PREVENTING BURNS AT HOME
injuries in the home can be prevented:
In the kitchen
· Unattended cooking is the leading cause of
kitchen fires. Stay nearby at all times when cooking, even with microwave ovens.
· Keep children and pets away
from cooking food. Enforce a "kid-free zone" of 3 feet (1 meter) around your
stove when cooking.
· Wear clothes with
tight-fitting sleeves, or roll your sleeves up to reduce the risk of your clothing
· Turn pot handles inward.
Never leave them sticking out where they could be bumped or grabbed by a small child.
· Don't leave spoons or other
utensils in pots while cooking.
· Turn burners and ovens off when they're not in use.
· Keep plenty of sturdy oven
mitts or pot holders near your cooking area. Using a wet pot holder can result in a severe
· Do not toss wet foods into deep-fat fryers or frying pans containing hot grease or oil.
The violent reaction between the fat and water will splatter hot oil.
· Remove the lids from pots of
cooking liquids carefully to prevent steam burns. Remember, steam is hotter than boiling
· If a pan of food catches
fire, carefully slide a lid over the pan and turn off the burner. It is dangerous to
attempt to carry the pan to the sink.
· In microwave ovens,
use only containers designed for microwave use. Let microwave-cooked foods or liquids cool
before carefully removing their covers.
· If you turn microwave foods
during their cooking cycle, remember that the oven may be cool but the containers and food
are very hot.
· Adjust your water-heater's thermostat to no
more than 120 F (49 C) to prevent scalds.
· Always turn on the cold
water faucet first, then add hot.
· Keep matches and lighters out of children's
reach - up high, preferably in a locked cabinet. Use only child-resistant lighters.
· Do not allow children to
play near woodstove or fireplace fires or around working space heaters.
· Cover unused wall outlets
with safety caps and replace all damaged, frayed, or brittle electrical cords.
· Do not leave hot irons
· Do not leave barbecue grills
unattended, and supervise children's cookout activities, such as toasting marshmallows.
· Teach your children that
steam radiators, stove burners, irons, and other familiar household objects are sometimes
hot and can burn them.
· Test bath water by carefully
circulating hand and lower arm through it before putting children in the bathtub. Provide
constant supervision while bathing children.
Types of Burns
There are seven common
types of burns
· Flame burns, caused by direct
contact the with fire.
· Radiation burns, caused by
close exposure to fire or high heat.
· Scalds, caused by hot liquids
· Contact burns, the result of
touching hot objects.
· Chemical burns, caused by
contact with corrosive chemicals, such as battery acid.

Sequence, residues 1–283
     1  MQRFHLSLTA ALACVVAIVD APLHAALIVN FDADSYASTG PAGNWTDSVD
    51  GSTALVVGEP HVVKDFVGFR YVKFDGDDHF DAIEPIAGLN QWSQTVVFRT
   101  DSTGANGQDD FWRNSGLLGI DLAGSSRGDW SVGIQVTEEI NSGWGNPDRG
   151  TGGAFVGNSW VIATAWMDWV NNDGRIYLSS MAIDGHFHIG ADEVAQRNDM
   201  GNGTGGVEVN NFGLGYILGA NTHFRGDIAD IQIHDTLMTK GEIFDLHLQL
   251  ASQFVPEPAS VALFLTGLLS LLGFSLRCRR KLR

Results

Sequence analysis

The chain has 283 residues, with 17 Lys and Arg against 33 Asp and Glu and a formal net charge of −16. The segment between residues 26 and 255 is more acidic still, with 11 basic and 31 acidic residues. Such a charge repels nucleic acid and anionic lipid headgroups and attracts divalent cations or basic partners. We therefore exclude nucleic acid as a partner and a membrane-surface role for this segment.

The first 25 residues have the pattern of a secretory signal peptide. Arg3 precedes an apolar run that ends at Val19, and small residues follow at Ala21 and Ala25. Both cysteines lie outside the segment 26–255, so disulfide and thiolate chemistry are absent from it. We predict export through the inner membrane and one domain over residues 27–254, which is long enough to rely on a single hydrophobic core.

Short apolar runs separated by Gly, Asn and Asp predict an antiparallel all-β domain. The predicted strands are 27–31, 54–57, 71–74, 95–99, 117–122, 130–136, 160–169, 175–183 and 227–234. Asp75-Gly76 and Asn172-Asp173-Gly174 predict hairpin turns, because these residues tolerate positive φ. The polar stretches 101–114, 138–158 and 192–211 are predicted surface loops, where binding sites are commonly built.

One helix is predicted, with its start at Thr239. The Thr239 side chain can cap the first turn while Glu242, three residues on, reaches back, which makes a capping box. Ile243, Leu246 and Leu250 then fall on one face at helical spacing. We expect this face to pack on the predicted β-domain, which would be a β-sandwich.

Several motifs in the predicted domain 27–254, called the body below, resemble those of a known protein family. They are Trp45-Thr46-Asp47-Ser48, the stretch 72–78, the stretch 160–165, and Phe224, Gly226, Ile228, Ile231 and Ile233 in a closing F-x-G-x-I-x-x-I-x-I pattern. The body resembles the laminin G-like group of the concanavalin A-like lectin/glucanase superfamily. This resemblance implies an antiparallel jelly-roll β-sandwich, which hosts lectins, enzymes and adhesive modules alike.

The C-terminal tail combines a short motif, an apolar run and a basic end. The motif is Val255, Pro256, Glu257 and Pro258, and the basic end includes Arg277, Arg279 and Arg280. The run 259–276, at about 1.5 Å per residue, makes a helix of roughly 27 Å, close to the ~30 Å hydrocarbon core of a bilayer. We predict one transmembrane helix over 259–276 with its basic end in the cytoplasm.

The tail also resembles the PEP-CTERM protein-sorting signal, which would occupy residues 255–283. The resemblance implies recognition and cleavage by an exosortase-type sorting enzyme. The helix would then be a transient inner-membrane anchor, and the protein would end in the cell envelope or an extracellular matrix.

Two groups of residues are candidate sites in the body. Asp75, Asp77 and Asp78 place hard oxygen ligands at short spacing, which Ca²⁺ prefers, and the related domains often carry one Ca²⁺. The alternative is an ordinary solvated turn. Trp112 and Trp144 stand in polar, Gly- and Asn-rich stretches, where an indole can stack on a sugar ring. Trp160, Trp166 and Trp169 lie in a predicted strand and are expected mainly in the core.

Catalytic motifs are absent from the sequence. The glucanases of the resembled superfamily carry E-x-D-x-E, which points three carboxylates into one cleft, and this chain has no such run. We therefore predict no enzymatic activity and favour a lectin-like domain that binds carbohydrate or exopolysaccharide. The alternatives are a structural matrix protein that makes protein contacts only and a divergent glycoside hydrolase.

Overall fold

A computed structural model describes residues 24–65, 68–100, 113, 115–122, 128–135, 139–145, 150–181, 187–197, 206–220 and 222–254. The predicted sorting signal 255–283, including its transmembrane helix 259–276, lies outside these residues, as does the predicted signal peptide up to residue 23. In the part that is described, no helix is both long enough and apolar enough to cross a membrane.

· Electrical burns, caused by
contact with live electrical wires.
· Ultraviolet burns, caused by
over exposure to the sun or to sun lamps.
matter of degrees
are classified by the amount of damage done to the skin and other body
tissue. Every family member should be able to identify the severity of
burns and know how to treat them.
burns are minor and heal quickly. Symptoms: reddened skin;
tender and sore.
burns are serious injuries and require immediate first aid and
professional medical treatment. Symptoms: blistered skin; very
burns are severe injuries and require immediate professional medical
treatment. Symptoms: white, brown, or charred tissue, often
surrounded by blistered areas; little or no pain at first.
clothing catches fire: Stop, drop, and roll
The severity of injury caused by burning clothing can be reduced by
following these three simple steps.
Drop immediately to the floor.
Cover your face with your hands and roll over and over to smother the
aid for burns
the burn: For first- and second-degree burns, cool the burned area -
preferably with cool running water for 10 to 15 minutes. This lowers the
skin temperature, which stops the burning process, numbs the pain, and
prevents or reduces swelling. Third-degree burns require immediate
burned clothing: Lay the victim flat on his or her back. Burned
clothing may be stuck to the victim's skin. Unless material is on fire
or smouldering, do not attempt to remove it. Remove jewelry or
tight-fitting clothing from around burned areas before swelling begins
and, if possible, elevate the injured areas.
the burn: After a first- or second-degree burn has been cooled,
apply a clean, dry dressing to the burned area.
apply butter or any other grease (including medicated ointments) on
a burn. Grease holds in heat, which could make the injury worse.
break blisters: This could allow germs to enter the wound.
for shock: To reduce the risk of shock, keep the victim's body
temperature normal. Cover unburned areas with a dry blanket.